All too often, we see companies putting their employees at risk in order to cut costs. This week, a monthly report by the National Council of La Raza announced that the number of fatalities for Latino workers has increased.
The report includes a chart that shows the amount of Latino worker fatalities each year since 1997, and in 2011, there were a total of 729, the highest since 2009. Although the higher number of fatalities may have to do with a greater amount of Latinos in the workplace, it is no excuse for the lack of worker protection programs employed by corporations.
The figures from 2011 should prompt policymakers and authority figures to amp up laws and regulations that protect workers on the job. The Occupational Safety and Health Administration is sorely in need of more funding and needs to update its policies so that it can keep up with this fast paced economy.
The Occupational Safety and Health Administration (OSHA), the federal agency responsible for enforcing and strengthening workplace safety standards, is in dire need of funding and reform to enable it to be more nimble and effective in the twenty-first century economy. With a meager $500 million budget, OSHA under the Obama administration has succeeded in hiring hundreds of additional workplace inspectors, targeting enforcement to high-violation industries, and improving prevention outreach to workers around common hazards like heat illness and falls in construction. However, OSHA’s reach remains limited; in 2010, there were only 7.3 OSHA inspectors for every million workers. Vulnerable workers are further threatened by the end-of-year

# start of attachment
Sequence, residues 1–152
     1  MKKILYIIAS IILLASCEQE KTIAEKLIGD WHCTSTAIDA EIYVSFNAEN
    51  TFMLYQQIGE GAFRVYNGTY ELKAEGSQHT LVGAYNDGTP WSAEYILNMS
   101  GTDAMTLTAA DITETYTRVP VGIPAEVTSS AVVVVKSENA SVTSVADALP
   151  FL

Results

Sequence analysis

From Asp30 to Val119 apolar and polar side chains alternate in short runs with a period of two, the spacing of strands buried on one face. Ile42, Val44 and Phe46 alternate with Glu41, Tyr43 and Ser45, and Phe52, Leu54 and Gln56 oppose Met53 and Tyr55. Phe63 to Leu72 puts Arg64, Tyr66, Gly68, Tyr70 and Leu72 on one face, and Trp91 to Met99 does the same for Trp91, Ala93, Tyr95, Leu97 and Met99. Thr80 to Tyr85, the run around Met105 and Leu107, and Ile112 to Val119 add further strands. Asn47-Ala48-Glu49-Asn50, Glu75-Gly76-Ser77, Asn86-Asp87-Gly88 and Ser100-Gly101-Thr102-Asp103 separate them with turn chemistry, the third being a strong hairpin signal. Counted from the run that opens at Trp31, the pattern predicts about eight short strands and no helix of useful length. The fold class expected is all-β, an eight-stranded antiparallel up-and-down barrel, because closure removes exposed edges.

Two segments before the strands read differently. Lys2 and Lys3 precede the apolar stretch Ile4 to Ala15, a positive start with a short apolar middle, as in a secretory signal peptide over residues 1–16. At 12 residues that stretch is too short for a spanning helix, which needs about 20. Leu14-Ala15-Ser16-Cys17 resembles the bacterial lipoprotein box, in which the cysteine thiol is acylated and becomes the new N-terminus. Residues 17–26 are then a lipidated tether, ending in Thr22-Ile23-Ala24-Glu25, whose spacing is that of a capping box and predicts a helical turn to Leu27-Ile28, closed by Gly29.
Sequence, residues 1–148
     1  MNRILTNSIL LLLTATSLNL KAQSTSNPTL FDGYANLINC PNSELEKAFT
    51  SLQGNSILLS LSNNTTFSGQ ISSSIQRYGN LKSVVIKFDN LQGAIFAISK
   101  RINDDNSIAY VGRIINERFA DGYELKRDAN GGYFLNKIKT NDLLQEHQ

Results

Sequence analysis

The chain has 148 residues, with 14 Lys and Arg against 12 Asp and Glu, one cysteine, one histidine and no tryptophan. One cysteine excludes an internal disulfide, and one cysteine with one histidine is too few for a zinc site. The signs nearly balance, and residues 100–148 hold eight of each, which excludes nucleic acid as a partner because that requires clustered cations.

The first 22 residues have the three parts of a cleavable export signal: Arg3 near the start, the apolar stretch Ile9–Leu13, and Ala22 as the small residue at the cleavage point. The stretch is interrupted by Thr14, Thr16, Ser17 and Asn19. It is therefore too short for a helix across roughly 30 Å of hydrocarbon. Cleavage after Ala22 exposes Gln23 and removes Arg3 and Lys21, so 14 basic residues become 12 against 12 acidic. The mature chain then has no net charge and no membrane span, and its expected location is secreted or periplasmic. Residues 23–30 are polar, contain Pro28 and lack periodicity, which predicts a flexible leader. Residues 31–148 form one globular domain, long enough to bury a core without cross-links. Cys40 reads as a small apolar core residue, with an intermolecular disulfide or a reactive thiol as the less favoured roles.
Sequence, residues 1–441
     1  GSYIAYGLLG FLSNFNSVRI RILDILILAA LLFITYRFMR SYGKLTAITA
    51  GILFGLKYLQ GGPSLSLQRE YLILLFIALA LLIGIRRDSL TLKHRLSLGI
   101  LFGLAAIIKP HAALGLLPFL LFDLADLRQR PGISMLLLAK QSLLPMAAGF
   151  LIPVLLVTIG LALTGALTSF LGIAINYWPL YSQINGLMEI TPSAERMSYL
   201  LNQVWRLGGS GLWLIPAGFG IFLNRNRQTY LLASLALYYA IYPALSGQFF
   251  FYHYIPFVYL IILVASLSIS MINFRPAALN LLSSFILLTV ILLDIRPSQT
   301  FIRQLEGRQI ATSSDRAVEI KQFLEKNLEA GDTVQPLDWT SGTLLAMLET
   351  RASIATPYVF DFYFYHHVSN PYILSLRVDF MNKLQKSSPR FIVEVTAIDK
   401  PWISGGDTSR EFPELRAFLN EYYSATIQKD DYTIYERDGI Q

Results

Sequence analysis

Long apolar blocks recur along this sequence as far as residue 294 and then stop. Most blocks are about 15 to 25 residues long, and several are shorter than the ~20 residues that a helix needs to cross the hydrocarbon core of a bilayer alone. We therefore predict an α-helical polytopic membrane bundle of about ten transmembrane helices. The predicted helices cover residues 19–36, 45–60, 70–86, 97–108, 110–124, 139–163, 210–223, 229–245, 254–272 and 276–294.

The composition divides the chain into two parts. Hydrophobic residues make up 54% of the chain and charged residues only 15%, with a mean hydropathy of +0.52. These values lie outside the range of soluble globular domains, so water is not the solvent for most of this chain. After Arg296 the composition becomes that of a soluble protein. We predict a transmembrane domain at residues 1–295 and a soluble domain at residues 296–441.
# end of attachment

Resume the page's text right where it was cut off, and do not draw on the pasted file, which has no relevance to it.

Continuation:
Lawmakers must also act to strengthen OSHA’s authority to regulate rapidly evolving industries, such as poultry processing, and strengthen the agency’s ability to crack down on repeat bad actors, who currently consider the agency’s weak fines and legal recourse a cost of business rather than a deterrent from breaking the law. Protecting workers from deadly injuries at work requires serious consideration of these and other important legal and regulatory reforms.fiscal debate, in which cuts to OSHA’s budget could total $46 million if sequestration proceeds.
No amount of cut costs is as valuable as a human life. It’s time for more worker protection programs in the workplace, no matter what occupation or race the employees may be. Click here to read the full NCLR report.